In a recent paper of Salazar et al. (2014), The Diversification Delta: A Different Perspective, forthcoming in the Journal of Portfolio Management , the authors propose to use the exponential Shannon entropy as an uncertainty measure in portfolio selection and make the following claim:

If we define $$H(X)=−\int_xf(x)\text{ln}f(x)dx$$ to be the differential Shannon entropy, then we have that for random variables $X$ and $Y$ (pp.10): $$\text{exp}(H(X+Y))\leqslant \text{exp}(H(X))+\text{exp}(H(X))$$ After thorough research I haven't been able to find any proof of this sub-additive property which makes me wonder: is this property really correct? And would you have any proof of it? Moreover is seems that this sub-additive property is at odds with the entropy power inequality that says that for independent $X$ and $Y$: $$\text{exp}(2H(X+Y))⩾\text{exp}(2H(X))+\text{exp}(2H(X))$$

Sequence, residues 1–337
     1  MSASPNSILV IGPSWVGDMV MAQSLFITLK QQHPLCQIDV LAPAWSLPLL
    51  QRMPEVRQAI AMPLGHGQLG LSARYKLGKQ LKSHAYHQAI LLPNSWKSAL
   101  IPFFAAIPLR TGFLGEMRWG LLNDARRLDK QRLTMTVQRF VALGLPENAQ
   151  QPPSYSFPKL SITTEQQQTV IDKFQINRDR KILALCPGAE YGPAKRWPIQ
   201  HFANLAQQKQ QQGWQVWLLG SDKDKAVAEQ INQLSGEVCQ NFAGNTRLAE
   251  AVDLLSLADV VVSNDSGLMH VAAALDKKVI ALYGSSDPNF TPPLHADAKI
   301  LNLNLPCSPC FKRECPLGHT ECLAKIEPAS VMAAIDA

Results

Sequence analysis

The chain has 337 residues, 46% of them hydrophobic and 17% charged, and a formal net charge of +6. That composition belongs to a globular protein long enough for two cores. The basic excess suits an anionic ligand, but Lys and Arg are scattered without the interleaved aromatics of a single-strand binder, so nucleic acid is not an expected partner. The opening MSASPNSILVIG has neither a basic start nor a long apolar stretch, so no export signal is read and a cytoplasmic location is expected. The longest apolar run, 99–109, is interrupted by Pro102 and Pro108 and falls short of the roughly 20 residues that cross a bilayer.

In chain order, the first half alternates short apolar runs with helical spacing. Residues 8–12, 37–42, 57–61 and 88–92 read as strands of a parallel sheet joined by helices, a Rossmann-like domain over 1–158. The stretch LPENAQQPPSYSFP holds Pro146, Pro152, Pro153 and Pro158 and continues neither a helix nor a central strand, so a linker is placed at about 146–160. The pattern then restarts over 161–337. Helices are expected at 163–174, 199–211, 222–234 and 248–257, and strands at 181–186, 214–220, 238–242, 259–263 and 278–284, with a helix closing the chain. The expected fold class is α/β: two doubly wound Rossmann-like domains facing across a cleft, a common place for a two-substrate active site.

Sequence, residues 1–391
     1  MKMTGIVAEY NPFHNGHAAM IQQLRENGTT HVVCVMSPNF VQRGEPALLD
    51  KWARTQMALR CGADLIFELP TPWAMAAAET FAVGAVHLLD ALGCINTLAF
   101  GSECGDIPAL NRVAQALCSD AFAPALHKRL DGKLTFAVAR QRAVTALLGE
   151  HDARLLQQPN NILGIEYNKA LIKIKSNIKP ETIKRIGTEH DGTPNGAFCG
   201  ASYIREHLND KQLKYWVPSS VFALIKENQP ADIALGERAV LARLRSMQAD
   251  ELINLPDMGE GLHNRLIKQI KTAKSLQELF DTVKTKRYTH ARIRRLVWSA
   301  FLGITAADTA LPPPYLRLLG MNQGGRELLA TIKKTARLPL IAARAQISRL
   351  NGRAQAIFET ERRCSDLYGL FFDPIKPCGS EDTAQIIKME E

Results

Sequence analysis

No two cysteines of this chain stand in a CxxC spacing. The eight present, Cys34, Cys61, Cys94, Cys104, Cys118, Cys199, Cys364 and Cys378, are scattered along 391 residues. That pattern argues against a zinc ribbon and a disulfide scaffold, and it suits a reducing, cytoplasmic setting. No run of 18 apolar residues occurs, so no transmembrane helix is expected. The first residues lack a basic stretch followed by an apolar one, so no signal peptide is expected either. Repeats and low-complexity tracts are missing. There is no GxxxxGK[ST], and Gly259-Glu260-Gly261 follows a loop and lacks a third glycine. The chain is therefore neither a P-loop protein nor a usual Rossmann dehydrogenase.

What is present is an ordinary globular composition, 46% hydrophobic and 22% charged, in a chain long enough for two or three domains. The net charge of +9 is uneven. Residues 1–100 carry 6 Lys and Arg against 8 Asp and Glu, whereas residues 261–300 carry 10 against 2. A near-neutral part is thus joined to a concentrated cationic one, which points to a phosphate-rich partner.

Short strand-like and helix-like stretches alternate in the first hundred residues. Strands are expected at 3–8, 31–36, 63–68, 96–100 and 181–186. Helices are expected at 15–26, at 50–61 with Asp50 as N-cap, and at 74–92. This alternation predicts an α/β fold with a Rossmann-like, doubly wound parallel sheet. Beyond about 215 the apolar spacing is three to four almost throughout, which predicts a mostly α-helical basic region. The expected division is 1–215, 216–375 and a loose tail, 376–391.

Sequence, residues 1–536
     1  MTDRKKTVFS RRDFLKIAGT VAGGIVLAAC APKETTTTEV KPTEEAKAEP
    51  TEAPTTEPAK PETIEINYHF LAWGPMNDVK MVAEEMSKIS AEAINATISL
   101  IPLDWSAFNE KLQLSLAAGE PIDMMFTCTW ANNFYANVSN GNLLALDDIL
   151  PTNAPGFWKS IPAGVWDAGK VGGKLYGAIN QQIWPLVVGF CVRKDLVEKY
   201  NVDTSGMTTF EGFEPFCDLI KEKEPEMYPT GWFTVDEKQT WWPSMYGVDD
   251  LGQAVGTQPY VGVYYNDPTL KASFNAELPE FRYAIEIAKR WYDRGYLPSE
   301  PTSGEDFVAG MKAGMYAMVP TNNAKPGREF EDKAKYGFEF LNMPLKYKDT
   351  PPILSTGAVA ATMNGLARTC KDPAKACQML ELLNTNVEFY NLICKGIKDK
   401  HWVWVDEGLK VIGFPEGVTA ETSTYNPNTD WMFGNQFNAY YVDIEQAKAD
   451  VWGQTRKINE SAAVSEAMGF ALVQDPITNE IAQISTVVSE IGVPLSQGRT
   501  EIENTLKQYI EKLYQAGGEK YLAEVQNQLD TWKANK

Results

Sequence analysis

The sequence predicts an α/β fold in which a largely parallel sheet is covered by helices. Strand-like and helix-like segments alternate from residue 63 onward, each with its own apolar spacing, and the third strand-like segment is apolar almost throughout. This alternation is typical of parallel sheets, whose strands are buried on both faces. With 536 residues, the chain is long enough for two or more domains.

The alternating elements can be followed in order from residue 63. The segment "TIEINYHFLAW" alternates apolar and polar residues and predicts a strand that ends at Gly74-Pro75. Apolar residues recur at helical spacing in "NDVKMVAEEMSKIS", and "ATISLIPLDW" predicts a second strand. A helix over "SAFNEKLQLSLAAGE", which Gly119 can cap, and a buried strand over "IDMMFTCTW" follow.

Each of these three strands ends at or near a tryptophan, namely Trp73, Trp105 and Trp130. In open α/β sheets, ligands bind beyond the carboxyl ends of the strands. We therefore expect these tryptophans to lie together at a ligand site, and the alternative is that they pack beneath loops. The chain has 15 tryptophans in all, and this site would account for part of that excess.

Also, I am interested in knowing how this property would generalize to Rényi entropy defined as $$H_\alpha(X)=\frac{1}{1-\alpha}\text{ln}∫_x(f(x))^αdx$$ Is $\text{exp}(H_\alpha(X))$ also sub-additive for some values of $\alpha$?

I would really appreciate any insights you might have on this problem.


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